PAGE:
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To ask why I am constantly turned down for credit?

(115 Posts)
whiskyowl Fri 24-Nov-17 18:56:20

OK, let me preface this by saying this is the very definition of a First World Problem. I have been really abjectly poor in my life (homeless) and I know how lucky I am to be able to type every word of this post. so please don't think I'm stealth boasting or anything like that. The problem I'm about to describe is, at best, an inconvenience and a bit of a social embarrassment. I fully realise that, compared to many families, we are super lucky.

I've just been turned down for credit for a kitchen in Ikea. This happened the last time DH and I applied for credit a few years ago, for a mobile phone contract. We had an almighty battle to get any company to take us on! It is inconvenient and a headache when this happens. It would be really useful to get this credit, because we're spending a lot on building work at the moment, and it means we'd have more readily available money for our contingency.

We are good with money and scared of debt. We have a good credit score on Experian - 999/999. We are lucky enough to be in a position to pay every bill on time, including all credit cards. We have never been late for a mortgage repayment. We have savings. (They are locked up for a bit, which is also why this 0% credit deal would be really useful). I have never had CCJs, or any bills that are outstanding (as far as I know).

Yet DH and I really struggle to get credit. We had to fight for days to get a mobile contract for him (which is why I know my Experian score - I had to send it to them as proof) and now this Ikea problem looks similar. It takes days and a big fight for us to get credit and it's super-embarrassing in store when it happens.

Please, oh wise Mumsnetters, why is this happening and what can I do in future to stop it? Is there something on my record I am unaware of, and if there is, how do I find and correct it?

TIA for advice!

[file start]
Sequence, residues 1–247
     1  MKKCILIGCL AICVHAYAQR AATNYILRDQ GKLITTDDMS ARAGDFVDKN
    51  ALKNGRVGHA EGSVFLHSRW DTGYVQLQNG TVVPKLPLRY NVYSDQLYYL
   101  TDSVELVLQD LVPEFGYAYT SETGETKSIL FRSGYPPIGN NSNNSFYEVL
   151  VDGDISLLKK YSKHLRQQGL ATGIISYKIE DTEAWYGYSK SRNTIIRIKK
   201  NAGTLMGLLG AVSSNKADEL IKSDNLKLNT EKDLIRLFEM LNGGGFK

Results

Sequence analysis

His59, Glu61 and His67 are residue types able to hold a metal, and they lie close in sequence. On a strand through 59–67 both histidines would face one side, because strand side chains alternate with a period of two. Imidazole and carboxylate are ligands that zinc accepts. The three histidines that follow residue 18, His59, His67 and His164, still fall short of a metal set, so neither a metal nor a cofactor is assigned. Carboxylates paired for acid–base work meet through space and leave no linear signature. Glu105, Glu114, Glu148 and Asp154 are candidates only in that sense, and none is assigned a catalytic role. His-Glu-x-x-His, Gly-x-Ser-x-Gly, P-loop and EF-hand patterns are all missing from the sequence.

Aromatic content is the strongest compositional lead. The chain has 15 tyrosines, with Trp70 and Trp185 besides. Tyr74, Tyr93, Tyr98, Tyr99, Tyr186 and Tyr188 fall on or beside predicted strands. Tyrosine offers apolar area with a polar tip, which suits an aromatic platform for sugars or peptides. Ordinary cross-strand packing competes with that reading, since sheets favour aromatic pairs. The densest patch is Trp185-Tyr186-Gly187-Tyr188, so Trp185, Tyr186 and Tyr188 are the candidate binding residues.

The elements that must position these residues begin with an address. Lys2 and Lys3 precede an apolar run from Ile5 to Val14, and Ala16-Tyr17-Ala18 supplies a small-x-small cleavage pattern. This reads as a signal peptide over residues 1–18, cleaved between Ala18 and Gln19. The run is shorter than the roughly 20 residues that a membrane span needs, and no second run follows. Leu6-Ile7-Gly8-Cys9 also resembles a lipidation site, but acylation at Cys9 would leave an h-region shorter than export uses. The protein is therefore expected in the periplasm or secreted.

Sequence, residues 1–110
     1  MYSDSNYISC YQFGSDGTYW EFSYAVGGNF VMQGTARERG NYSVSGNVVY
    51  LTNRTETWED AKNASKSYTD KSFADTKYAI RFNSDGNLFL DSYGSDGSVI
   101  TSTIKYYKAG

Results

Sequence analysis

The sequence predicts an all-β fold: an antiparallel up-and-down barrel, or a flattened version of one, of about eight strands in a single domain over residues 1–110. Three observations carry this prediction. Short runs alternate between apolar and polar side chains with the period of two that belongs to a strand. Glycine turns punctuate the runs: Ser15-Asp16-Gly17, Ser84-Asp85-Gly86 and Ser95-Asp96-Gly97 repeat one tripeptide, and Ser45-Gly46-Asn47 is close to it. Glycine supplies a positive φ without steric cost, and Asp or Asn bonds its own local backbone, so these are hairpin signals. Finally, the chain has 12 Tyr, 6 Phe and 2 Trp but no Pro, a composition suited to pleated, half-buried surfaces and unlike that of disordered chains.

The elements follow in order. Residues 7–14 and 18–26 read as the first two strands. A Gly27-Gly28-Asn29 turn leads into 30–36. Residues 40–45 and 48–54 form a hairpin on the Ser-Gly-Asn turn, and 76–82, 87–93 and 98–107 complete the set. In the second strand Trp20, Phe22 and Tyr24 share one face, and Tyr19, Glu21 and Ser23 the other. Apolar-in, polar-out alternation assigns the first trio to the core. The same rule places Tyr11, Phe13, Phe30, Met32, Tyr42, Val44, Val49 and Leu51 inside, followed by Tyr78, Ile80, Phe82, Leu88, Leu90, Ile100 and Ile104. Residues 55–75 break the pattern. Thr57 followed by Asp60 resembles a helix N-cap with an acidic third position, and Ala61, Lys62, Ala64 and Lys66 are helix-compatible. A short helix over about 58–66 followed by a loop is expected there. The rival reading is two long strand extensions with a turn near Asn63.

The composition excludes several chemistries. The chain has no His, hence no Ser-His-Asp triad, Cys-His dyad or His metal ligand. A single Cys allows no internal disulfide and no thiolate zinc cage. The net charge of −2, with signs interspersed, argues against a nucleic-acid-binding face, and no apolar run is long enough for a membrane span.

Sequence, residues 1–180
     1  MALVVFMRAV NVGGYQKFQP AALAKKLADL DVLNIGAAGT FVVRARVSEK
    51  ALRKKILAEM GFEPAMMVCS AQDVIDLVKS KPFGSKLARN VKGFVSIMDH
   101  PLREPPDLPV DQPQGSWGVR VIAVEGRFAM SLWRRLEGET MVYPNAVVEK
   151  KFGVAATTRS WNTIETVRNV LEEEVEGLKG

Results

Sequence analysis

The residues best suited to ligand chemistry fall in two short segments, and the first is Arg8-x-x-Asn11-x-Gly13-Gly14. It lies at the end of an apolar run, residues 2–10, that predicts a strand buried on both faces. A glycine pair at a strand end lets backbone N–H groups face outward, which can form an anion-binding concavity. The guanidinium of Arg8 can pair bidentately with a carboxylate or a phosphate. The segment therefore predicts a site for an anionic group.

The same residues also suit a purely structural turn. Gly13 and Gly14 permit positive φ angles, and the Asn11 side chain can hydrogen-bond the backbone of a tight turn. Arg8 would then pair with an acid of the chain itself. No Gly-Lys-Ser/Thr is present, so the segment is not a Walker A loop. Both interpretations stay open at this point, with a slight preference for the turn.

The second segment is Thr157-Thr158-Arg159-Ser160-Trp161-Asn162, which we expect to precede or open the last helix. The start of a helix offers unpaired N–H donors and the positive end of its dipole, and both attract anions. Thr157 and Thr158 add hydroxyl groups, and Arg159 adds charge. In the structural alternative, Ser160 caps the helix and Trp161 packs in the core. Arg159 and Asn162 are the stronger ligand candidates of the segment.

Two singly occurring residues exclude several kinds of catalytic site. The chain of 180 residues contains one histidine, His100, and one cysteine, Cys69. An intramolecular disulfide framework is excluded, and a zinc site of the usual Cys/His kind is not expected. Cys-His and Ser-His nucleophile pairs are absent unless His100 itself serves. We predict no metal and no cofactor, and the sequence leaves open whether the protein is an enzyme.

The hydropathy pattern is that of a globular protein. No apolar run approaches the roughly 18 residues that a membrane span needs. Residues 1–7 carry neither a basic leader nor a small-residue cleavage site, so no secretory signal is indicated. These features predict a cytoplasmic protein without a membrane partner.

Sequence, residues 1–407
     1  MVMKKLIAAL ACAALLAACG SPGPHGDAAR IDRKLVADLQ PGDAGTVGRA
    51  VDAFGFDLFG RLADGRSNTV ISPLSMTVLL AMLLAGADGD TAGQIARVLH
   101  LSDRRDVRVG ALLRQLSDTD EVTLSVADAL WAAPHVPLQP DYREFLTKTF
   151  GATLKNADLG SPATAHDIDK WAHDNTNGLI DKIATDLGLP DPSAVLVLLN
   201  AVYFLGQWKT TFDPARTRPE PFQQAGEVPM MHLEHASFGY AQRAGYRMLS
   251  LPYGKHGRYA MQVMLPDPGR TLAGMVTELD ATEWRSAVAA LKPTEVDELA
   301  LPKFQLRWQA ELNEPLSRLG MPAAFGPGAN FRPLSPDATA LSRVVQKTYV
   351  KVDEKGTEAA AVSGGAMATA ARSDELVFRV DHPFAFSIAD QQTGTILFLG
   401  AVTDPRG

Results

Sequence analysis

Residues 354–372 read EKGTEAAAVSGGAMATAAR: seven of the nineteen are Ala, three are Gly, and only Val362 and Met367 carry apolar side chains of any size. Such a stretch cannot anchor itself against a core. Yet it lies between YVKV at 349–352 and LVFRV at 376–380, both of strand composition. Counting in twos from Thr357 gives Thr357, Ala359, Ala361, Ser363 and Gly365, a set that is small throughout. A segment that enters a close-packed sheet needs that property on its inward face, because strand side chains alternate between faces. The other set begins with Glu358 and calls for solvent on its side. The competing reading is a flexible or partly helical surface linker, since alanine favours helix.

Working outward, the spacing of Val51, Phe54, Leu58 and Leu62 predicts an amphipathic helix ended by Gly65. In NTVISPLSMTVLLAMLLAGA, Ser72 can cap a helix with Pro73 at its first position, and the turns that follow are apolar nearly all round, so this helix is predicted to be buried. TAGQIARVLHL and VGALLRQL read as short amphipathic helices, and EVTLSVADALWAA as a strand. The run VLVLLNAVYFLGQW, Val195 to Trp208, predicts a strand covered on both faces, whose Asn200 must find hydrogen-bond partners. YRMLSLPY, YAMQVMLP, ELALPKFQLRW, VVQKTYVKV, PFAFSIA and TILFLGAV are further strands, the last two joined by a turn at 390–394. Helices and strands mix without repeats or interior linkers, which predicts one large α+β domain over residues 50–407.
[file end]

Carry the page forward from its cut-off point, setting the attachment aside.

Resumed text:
divadee Fri 24-Nov-17 19:00:49

Are you on the electoral roll at your property? How long have you lived there. That all helps with credit applications. Also apply to other agencies for your credit report. There may be something lurking in one of them.

moutonfou Fri 24-Nov-17 19:01:03

Do you have a complicated address? I have a good score and was turned down for a loan, it turned out that because my address is a bit complicated (I live in a flat in a house) it wasn't able to properly match me to my credit record.

E.g. Say my address is Flat 3, Cherry House (hypothetically!), it was overlooking the 'Flat' line and just trying to find me under 'Cherry House'

whoareyoukidding Fri 24-Nov-17 19:01:51

My understanding is that sometimes companies like to check that someone else has given you credit first, so that you have a credit background. I have heard that you should apply for a credit card even if you never use it, and then once you have it, you will find credit easier to obtain. But I am certainly not an expert on these things.

Moo678 Fri 24-Nov-17 19:02:18

I think you'd do better asking on money saving expert. I think there are three big credit check firms, not just Experian so it might be worth getting a report from all of them. Maybe it's because you've never had any credit? There are special cards for people with poor ratings which you can use to build up yours. Sorry I can't be more help but definitely check out the other forum.

AnnabellaH Fri 24-Nov-17 19:03:33

You have to have credit to get credit. Get a Very account and buy something small. Or a new TV. Whatever. Then pay it off monthly.

Chrys2017 Fri 24-Nov-17 19:04:02

How long have you lived in your property? It could be that someone who lived there previously has a bad credit rating and it is showing up when the companies search your address.

TheGoalIsToStayOutOfTheHole Fri 24-Nov-17 19:04:03

My FIL was refused credit and spoke to some company about it and apparently it went against him that he always paid off his bills and such in full. He had one credit card and had always paid it off rather than making minimum payments and that, he used this for a few years before closing the account (with no debt still). What he was told, is that credit companies see this as a bad thing, as they cannot make much money off people who pay in this way. Not sure how true that is though, never having really been in a position to get credit in the first place so tis jnto really something I know about, just what he was told.

whiskyowl Fri 24-Nov-17 19:04:30